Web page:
Can Strength Training Protect Against the Risks of a High-Protein Diet?
Is strength training responsible for mitigating the risks of a high-protein diet in athletes? A new study suggests it might be.
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A high-protein diet can benefit athletes by promoting muscle growth and strength, yet for those with a sedentary lifestyle, a high-protein diet can increase heart attack risk, have adverse effects on bone density and change the gut microbiome. Is strength training responsible for mitigating the risks of a high-protein diet? A new study, published in eLife, suggests it might be.
How much protein is too much?
Protein provides key nutrients and calories and is an essential part of our diets that contributes to growth and repair. Recommended amounts of protein change throughout our lifetimes, with most adults needing about 0.75g of protein per kilogram of bodyweight each day, or about 10% of caloric intake.
The protein paradox
The lead author of the new study, Michaela Trautman from the University of Wisconsin, explains, “We know that low-protein diets … promote healthspan and lifespan in animals and that the short-term restriction of protein improves the health of metabolically unhealthy, adult humans. But this presents a paradox – if high dietary protein is so harmful, many people with high-protein diets or protein supplements would be overweight and at an increased risk of diabetes, whereas athletes with high-protein diets are among the most metabolically healthy.”
What is strength training?
Also known as resistance training or weight training, strength training is a form of physical exercise designed to strengthen muscles. It can be performed using just body weight or with the addition of extra weight.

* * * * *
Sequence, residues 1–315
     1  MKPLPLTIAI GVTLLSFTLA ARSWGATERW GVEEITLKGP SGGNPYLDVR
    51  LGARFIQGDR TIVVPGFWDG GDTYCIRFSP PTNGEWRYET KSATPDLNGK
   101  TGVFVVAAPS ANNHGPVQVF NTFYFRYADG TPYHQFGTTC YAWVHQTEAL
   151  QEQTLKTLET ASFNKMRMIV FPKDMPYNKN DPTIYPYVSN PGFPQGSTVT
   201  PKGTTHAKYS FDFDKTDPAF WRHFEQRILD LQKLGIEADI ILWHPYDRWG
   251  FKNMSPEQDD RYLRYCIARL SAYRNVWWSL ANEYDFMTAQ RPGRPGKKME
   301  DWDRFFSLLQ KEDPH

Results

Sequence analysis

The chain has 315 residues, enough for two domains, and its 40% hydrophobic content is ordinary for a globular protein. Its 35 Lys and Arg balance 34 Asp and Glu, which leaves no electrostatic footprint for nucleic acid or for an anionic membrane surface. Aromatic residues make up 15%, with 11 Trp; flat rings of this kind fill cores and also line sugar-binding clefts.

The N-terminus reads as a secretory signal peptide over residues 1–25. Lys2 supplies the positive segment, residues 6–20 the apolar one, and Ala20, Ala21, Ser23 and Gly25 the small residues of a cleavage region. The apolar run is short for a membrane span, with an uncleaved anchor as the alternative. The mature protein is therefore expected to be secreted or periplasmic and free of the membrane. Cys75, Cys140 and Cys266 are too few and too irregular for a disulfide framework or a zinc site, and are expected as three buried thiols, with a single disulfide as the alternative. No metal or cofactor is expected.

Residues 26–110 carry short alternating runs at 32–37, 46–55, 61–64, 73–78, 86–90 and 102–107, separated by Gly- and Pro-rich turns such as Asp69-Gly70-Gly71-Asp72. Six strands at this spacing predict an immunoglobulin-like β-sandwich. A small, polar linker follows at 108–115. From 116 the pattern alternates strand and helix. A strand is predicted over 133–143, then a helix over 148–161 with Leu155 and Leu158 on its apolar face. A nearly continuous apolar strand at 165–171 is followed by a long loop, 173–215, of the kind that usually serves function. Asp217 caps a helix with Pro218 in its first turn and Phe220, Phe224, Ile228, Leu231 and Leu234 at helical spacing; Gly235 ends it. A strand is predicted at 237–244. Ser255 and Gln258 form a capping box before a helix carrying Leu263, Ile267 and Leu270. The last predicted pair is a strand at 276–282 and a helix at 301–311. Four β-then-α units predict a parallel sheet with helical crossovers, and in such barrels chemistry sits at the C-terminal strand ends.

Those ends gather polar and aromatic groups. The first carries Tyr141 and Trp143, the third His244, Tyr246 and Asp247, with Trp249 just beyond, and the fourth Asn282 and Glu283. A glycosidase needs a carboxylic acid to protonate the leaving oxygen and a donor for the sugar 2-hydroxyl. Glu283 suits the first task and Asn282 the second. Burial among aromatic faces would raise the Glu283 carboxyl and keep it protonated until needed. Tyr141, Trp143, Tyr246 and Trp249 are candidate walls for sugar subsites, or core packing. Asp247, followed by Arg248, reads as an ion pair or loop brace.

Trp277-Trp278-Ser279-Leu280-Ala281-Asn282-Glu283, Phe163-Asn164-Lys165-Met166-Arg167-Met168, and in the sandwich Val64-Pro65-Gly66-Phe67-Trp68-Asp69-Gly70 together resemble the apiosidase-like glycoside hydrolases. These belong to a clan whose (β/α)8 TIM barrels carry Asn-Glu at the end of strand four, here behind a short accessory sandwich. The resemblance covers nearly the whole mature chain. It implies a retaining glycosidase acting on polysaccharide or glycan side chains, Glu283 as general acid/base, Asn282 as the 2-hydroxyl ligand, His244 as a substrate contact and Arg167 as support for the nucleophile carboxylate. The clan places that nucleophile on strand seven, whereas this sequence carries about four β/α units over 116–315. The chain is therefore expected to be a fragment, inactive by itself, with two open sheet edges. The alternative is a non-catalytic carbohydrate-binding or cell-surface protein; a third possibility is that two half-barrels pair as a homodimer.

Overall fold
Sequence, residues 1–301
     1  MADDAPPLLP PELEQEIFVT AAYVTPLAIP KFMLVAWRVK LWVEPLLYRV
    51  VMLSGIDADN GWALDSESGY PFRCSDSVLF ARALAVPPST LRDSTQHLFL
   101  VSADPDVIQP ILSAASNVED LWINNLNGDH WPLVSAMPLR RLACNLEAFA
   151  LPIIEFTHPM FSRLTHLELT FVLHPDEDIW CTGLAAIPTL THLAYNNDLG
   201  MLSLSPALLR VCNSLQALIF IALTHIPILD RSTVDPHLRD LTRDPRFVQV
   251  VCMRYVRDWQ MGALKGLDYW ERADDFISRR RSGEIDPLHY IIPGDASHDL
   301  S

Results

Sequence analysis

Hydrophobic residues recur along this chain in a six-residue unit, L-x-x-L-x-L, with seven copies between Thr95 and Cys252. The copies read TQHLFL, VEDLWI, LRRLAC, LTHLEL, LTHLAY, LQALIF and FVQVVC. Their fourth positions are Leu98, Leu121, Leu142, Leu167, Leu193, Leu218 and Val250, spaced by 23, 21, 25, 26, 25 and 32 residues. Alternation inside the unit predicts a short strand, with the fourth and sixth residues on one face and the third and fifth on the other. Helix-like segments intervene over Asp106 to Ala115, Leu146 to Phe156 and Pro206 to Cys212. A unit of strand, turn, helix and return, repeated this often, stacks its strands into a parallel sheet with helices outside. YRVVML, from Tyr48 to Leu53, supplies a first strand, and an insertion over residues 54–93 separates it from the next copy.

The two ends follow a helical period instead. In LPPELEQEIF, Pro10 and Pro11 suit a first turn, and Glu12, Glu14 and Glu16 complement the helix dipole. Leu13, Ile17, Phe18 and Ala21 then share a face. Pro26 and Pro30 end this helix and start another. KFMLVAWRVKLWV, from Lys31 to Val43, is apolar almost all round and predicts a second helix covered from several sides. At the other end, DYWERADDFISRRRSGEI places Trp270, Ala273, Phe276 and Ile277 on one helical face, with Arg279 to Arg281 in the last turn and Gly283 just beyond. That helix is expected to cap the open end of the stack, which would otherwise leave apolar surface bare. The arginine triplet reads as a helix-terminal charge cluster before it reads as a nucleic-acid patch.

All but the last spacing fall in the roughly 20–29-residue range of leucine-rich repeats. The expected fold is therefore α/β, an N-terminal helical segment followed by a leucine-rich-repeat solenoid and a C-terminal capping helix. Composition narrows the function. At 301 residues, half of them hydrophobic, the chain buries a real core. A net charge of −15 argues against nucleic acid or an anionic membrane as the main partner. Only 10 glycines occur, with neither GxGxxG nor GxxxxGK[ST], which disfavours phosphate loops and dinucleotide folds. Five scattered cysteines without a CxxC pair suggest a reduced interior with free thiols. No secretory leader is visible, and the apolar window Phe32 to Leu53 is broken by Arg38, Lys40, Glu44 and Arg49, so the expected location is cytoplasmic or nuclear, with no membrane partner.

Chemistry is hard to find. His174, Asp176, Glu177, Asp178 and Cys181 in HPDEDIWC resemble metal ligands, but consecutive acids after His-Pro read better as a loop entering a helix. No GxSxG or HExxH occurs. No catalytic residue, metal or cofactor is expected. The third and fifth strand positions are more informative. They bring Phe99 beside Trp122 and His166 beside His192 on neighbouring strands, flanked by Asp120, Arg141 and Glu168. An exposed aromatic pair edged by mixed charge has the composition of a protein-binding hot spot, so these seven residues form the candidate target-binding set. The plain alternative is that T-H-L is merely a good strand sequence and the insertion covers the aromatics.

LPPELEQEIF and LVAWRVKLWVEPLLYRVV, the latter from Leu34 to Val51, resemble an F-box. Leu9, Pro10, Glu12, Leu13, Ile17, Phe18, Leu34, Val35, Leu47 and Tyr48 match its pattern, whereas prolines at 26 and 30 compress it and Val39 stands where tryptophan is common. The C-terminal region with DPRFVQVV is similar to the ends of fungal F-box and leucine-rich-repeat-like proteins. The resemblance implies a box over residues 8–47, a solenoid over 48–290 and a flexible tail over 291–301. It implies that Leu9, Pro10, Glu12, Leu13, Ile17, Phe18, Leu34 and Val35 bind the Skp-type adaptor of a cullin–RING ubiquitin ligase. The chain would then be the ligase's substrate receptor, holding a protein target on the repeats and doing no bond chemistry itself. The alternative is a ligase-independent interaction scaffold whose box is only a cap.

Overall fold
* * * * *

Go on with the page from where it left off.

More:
In the new study, the researchers aimed to identify the impact of strength training in mice on a high-protein diet.
Two groups of mice were either fed a low-protein diet (where 7% of dietary calories came from protein) or a high-protein diet, where 36% of calories came from protein. Half of each group performed progressive resistance-based strength training in the form of pulling a cart with an increasing weight along a track three times a week over a three-month period. The other half pulled the cart with no weight added.
After three months, the researchers analyzed the body composition and weight of the mice and took measures of metabolic activity, including blood glucose.
Mice fed a high-protein diet that undertook strength training gained muscle, whereas those on a high-protein diet without the strength training gained excess fat and had impaired metabolic health compared to the mice on a low-protein diet.
Strength training has a protective effect
The research team concluded that the strength training protected the mice on the high-protein diet from fat accumulation, highlighting the importance of considering diet and exercise in our approaches to health.
Senior author Dr. Dudley Lamming says: “Our research may explain [the protein paradox], by showing that resistance exercise protects from high-protein-induced fat gain in mice. This suggests that metabolically unhealthy, sedentary individuals with a high-protein diet or protein supplements might benefit from either reducing their protein intake or more resistance exercise.”
Reference: Trautman ME, Braucher LN, Elliehausen C, et al. Resistance exercise protects mice from protein-induced fat accretion. eLife. 2023;12. doi: 10.7554/eLife.91007
This article is a rework of a press release issued by eLife. Material has been edited for length and content.